20 February 2010

Carnivore Project Update

New Year:

The rains arrived over Christmas and New Years.  The region received only about a week of rains, but they were enough to settle the soft, ashy soils, and bring an end to the long, devastating drought.  Christine and I arrived back in camp just after New Years, and the camp was the greenest it's been since May 2008.  Up north in Olkiramatian, rains were light, but enough for Tribulus (a small herb with nasty thorns) to pop up and set seed.  To the south, rains were heavier and the former dust bowl now had grasses as tall as the Landcruiser in some areas.  Given the reports we'd read and heard while we were back in the U.S., we expected to see carcasses riddling the landscape.  Instead, during our first animal counts of the year, we observed hundreds of wildebeest, and even more zebra, that have been devastated by the drought in other parts of Kenya.  Unfortunately, the drought did take its toll on the wildebeest, with hardly any wildebeest calves from March surviving in to 2010.  We can only hope 2010 remains a wet year, and the long rains of March and April will sustain the plant and animal communities for many months.


Lion Update:

We have 4 lions radio-collared total, a male and female in each of two prides.  There is a third pride of lions that we hope to collar in the next month. During the drought, the prides sustained small, tight home ranges, based in the thicker bush and woodlands near water sources.  Here, the lions seemed to find an adequate prey base of zebra, lesser kudu, and buffalo during the long drought.  Now, the lions have dispersed out, making it much more difficult to find on a nightly basis.  Ren, one of our male lions typically found around the region where the Ewaso Nyiro river and the Sampu stream meet (an area locally known to the Maasai as Lengong) has moved out from his drought range.  Much to our surprise, Ren was found way up by Sampu camp with another male from Lengong, about 12 km away from their typical territory.  This is also the same area where the Sampu pride had been resident for all of last year, and contains Mwanzo (collared female) and Mkubwa (collared male).  We haven't seen Ren interact with either Mwanzo or Mkubwa, but we have yet to locate Mkubwa this year.  We're not sure if he has been displaced by Ren or not.  We hope to figure this out in the coming weeks…


Conservation and Development Strategies:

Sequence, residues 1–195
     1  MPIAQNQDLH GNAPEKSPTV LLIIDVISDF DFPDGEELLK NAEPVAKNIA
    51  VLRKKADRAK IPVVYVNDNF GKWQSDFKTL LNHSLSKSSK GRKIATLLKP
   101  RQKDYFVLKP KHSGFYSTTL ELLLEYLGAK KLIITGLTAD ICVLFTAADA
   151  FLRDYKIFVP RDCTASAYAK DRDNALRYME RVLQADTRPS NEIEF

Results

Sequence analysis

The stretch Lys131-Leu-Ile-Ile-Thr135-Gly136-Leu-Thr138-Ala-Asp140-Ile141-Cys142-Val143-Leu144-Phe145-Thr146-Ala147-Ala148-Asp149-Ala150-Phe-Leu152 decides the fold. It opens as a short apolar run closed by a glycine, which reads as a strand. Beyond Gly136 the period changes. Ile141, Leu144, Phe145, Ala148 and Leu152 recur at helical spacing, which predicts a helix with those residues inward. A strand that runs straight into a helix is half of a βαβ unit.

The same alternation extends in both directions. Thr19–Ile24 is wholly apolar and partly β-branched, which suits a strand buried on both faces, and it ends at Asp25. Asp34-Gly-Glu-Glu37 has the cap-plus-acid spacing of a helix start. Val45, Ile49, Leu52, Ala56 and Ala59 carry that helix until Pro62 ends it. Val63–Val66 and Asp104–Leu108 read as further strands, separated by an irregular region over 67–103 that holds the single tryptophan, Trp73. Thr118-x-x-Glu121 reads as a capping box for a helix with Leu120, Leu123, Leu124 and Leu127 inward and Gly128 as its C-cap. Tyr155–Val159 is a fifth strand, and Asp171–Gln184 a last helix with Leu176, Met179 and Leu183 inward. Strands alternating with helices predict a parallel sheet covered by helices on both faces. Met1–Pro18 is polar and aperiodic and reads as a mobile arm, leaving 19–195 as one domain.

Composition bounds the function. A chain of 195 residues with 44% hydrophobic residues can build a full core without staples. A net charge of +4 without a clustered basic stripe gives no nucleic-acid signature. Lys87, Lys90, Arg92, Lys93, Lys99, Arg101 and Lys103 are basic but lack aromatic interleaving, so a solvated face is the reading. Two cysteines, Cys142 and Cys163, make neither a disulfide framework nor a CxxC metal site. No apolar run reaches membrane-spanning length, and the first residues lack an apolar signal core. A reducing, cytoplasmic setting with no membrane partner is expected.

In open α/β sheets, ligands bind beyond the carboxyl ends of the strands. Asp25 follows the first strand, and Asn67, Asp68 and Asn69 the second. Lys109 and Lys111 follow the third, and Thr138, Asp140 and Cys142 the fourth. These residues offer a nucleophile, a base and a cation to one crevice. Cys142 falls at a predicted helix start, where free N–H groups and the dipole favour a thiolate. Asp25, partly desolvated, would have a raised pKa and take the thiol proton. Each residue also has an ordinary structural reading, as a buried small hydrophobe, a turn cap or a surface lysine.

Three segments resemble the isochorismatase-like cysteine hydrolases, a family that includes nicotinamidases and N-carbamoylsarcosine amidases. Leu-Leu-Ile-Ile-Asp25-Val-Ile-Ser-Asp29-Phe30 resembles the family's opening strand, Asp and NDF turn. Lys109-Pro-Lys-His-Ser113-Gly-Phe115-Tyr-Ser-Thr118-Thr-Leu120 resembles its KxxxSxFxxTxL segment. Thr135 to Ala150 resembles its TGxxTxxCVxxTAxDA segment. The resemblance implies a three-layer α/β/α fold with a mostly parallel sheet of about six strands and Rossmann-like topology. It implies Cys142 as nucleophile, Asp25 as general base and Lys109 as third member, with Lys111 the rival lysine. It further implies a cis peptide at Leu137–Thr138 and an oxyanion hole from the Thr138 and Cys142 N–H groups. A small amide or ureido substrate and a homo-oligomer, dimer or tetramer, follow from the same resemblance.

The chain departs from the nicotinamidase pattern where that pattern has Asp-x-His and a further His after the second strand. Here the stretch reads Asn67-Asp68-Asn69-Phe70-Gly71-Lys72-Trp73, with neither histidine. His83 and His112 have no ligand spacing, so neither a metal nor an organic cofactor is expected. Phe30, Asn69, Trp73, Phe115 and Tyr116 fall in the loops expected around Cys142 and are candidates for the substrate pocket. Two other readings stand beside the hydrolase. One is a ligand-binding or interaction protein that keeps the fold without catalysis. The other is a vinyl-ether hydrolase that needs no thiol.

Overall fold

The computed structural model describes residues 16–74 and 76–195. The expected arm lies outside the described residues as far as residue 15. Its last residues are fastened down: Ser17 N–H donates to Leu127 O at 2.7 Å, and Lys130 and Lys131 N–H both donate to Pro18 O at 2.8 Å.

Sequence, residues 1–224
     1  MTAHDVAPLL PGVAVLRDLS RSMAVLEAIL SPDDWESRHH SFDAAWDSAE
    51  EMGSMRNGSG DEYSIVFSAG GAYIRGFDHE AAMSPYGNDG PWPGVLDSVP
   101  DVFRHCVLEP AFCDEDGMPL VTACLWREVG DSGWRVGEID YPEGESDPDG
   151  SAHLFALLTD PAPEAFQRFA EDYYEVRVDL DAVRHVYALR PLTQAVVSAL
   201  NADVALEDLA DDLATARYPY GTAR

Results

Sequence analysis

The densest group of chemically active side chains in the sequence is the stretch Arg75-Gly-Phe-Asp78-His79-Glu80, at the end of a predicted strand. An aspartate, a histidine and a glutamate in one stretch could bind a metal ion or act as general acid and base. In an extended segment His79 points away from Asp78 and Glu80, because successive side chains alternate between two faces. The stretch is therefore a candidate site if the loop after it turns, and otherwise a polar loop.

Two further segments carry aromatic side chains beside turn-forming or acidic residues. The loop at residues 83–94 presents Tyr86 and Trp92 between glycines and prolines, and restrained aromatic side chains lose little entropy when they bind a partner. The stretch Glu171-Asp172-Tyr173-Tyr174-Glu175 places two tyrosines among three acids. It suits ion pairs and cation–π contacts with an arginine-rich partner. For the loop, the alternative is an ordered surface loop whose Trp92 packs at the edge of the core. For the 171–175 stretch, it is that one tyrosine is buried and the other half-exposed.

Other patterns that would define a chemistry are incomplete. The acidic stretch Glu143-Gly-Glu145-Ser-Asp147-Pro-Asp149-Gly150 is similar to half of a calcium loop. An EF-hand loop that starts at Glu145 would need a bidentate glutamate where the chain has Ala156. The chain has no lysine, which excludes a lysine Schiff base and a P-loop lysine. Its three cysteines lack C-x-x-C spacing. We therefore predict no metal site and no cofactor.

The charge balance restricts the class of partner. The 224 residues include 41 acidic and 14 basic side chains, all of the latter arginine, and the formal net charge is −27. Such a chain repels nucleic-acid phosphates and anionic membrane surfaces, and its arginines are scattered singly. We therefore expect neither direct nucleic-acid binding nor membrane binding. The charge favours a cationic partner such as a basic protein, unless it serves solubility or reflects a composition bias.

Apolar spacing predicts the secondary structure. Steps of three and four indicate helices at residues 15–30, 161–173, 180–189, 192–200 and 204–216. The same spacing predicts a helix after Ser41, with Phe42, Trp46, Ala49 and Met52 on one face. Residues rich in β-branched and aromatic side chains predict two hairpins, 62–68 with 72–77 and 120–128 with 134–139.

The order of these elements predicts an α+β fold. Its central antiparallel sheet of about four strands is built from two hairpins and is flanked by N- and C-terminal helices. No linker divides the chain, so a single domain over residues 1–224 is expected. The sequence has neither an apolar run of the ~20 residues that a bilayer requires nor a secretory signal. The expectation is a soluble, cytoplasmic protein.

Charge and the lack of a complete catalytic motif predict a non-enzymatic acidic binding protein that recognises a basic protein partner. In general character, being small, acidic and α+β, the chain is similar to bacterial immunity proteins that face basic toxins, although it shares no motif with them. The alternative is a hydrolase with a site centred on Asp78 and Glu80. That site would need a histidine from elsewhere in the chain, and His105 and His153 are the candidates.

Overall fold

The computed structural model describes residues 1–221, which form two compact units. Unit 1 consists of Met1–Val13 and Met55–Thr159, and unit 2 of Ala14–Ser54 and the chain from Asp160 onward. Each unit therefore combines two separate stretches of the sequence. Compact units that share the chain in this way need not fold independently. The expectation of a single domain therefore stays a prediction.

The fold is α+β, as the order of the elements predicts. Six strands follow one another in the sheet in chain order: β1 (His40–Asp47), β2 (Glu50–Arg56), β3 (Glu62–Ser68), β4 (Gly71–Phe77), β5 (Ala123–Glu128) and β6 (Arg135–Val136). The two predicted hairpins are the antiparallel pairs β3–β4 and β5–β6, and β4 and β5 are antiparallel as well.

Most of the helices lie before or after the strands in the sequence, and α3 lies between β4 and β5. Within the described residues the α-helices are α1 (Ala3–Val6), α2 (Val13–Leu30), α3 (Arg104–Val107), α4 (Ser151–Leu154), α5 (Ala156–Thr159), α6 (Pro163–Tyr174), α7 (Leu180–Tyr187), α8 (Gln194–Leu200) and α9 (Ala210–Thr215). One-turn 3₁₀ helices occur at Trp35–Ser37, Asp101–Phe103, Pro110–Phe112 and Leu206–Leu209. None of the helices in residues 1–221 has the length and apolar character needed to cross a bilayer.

About 2 years ago, I attended a workshop in Nairobi sponsored by KWS, IUCN (World Conservation Union), local NGO's, and researchers to develop 5 year management and conservation plans for lions and spotted hyenas in Kenya.  A similar workshop was held for cheetah and wild dog several months prior.  This past week, all stakeholders were invited to KWS headquarters for the official launch of conservation and management strategies for lion, spotted hyena, cheetah, and wild dog.  It was an exciting event attended by ~200 individuals, with speeches by the director of KWS and the Minister of Forestry and Wildlife.  These strategies are the first of their kind in Kenya, and will hopefully set a new precedent for large carnivore conservation and management strategies throughout Africa (http://www.newstimeafrica.com/archives/10910).  Among the highlights are an increased emphasis on protecting large carnivore populations not just inside parks, but outside on community and private lands.  Community and private lands comprise ~90% of Kenyan lands and contain ~60% of all Kenyan wildlife.  We are quite pleased these new strategies emphasize integration of local communities, like the pastoralist Maasai, in conservation planning.  Many of these ideas are already in progress in the South Rift, where SORALO, ACC, and the Olkiramatian and Shompole communities have developed programs that integrate conservation and development.  All partners recognize wildlife conservation, inclusive of large carnivores, will not succeed in the long-term unless basic socio-economic needs of local communities are met.  Simultaneously, rural development plans that ignore short and long-term impacts on the environment will inevitably damage ecosystems and adversely impact rural livelihoods. In the South Rift, we are all excited for the recent progress of several integrated conservation and development strategies: Loisiijo eco-tourism project (http://www.loisiijolodgeshompole.org/) in Shompole has officially opened in the last three weeks and has already had 4 groups of visitors, the Olkiramatian Women's Group is currently developing a new girls scholarship program and pursuing small business plans, and everyone at the Resource Centre continues to promote education through purchases of textbooks for local schools, and encouraging regional health facilities across the South Rift.  We hold a strong belief that each of these socio-economic factors, coupled with long-term ecological research, must be considered for any future conservation, management, and development plan to succeed.